Like in this case the issue is whether DOMA is legal, not whether we're in support of DOMA or not. If the the people who *do* believe in DOMA have contradicted themselves, then they've hurt the chances of DOMA being legal. Someone may believe that while DOMA is morally wrong, it's constitutionally sound (FYI: I do not--I think DOMA is both a moral abomination and unconstitutional). Someone may believe that DOMA is unconstitutional for one reason, but not for another. Both those people could say they do not believe in the righteousness of DOMA and still argue these supporters did not contradict themselves.

To say that person argued a position they did not believe in is wrong. wrong wrong wrong. It just means there's more than two positions on a topic, and they don't always line up neatly into us vs. them. And that's a good thing in my opinion. It might make things a little more confusing, but I think it makes things more interesting to have a variety of opinions on a topic beyond just pro vs. con, and it sure would make things a lot less polarized if we had to separate arguments into two opposing groups instead of people.

Also, let's be honest: GWJ doesn't frown upon arguing a position you don't believe in. It frowns upon arguing a non-liberal position you don't believe in. I get accused of this sort of thing a lot. Funny how it only happens when I'm arguing against something that supports a liberal position.

LarryC wrote:

Phoenix Rev did. I think he forgot that DOMA advocates think that sexual orientation is a choice.

That's not correct.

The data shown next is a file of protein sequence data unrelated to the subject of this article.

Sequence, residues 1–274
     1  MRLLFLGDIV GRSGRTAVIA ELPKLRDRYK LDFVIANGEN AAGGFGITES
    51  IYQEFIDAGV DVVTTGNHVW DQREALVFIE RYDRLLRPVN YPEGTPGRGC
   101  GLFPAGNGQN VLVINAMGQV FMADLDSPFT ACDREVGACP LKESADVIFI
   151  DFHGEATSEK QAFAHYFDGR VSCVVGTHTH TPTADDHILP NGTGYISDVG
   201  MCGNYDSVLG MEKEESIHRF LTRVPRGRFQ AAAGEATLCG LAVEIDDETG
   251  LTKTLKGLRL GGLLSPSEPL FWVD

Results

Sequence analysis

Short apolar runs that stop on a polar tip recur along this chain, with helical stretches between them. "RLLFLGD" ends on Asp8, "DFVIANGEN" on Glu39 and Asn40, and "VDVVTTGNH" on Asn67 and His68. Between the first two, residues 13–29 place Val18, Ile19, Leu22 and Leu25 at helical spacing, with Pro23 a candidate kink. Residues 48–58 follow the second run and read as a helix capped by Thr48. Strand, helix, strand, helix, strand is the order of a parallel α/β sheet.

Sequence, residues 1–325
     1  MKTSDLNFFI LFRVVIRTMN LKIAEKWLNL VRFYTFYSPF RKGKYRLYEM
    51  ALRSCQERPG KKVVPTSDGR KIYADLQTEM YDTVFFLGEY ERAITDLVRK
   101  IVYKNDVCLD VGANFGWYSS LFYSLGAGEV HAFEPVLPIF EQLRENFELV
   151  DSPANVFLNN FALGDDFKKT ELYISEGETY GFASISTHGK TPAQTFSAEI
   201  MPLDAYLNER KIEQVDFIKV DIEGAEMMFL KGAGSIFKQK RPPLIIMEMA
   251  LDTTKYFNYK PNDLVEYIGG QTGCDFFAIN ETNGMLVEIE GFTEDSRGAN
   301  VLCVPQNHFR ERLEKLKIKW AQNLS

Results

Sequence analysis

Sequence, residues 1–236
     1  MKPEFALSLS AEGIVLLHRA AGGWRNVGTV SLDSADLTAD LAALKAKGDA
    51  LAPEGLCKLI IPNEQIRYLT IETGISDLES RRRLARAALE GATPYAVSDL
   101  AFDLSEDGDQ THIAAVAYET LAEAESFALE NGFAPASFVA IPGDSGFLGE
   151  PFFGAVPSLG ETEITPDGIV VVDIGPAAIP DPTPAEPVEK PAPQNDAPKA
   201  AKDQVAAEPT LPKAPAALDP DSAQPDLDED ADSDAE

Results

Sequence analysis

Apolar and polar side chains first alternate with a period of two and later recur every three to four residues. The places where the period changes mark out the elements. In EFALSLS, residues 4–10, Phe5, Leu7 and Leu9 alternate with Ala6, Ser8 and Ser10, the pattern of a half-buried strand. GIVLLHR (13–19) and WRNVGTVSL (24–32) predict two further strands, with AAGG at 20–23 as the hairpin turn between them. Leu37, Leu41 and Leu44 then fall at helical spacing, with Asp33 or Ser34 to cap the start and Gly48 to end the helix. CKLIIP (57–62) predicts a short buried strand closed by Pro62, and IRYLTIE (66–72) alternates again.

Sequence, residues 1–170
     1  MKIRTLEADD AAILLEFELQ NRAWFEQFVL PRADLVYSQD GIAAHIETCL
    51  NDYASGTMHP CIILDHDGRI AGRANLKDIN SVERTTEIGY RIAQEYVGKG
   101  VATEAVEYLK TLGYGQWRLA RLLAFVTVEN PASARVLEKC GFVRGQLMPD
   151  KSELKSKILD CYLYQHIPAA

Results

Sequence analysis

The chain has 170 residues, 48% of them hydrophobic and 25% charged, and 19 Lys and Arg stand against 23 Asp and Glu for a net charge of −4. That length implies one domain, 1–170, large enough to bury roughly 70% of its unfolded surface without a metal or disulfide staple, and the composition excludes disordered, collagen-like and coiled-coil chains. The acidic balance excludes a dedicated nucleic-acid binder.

The pro-DOMA and pro-Prop. 8 forces have sent conflicting messages regarding this. Some has said that being gay is a choice, but some have not. It is not a universal belief in their world that being gay is a choice.

CheezePavilion wrote:
Stengah wrote:
LarryC wrote:

No, I'm not, Stengah. I'm just saying that Phoenix Rev was incorrect in saying that they contradicted themselves. I can do that without believing in the righteousness of DOMA. In fact, I consider it distinctly unhealthy for US society on the whole that I'm the only one who could see this.

Arguing a position you don't believe in is really frowned up on GWJ.

It is, and it sucks that it is. It's because people can't tell the difference between playing Devil's Advocate and trying to explain how one sees a situation. I think I may have dealt with this same thing earlier in this thread.
[ snip ]
Also, let's be honest: GWJ doesn't frown upon arguing a position you don't believe in. It frowns upon arguing a non-liberal position you don't believe in. I get accused of this sort of thing a lot. Funny how it only happens when I'm arguing against something that supports a liberal position.

It usually only happens when the position being argued for is one that would prevent people from having equal rights. I personally like that it's frowned upon here, as it's almost always used as an "out" once the devil's advocate has caught some flak for arguing that certain goodjers don't deserve the same rights as others. It may be an intellectual position or mental exercise for the D.A., but it's directly affecting their lives.

In this specific scenario, though, it's being used to defend a position most of us consider distasteful, and that defense serves the purpose of strengthening the arguments against DOMA, or at least weeding out the weak arguments against DOMA.

A few years ago, a fellow Goodjer named JohnnyMoJo used a line of reasoning identical to Larry's defense of DOMA, and while he did not change many minds, he argued thoughtfully and politely and articulately. Larry is no less (or more) wrong here; the law does not discriminate against he actions of gays and lesbians. They can still marry. They just have to marry someone of the opposite sex, just like everyone else.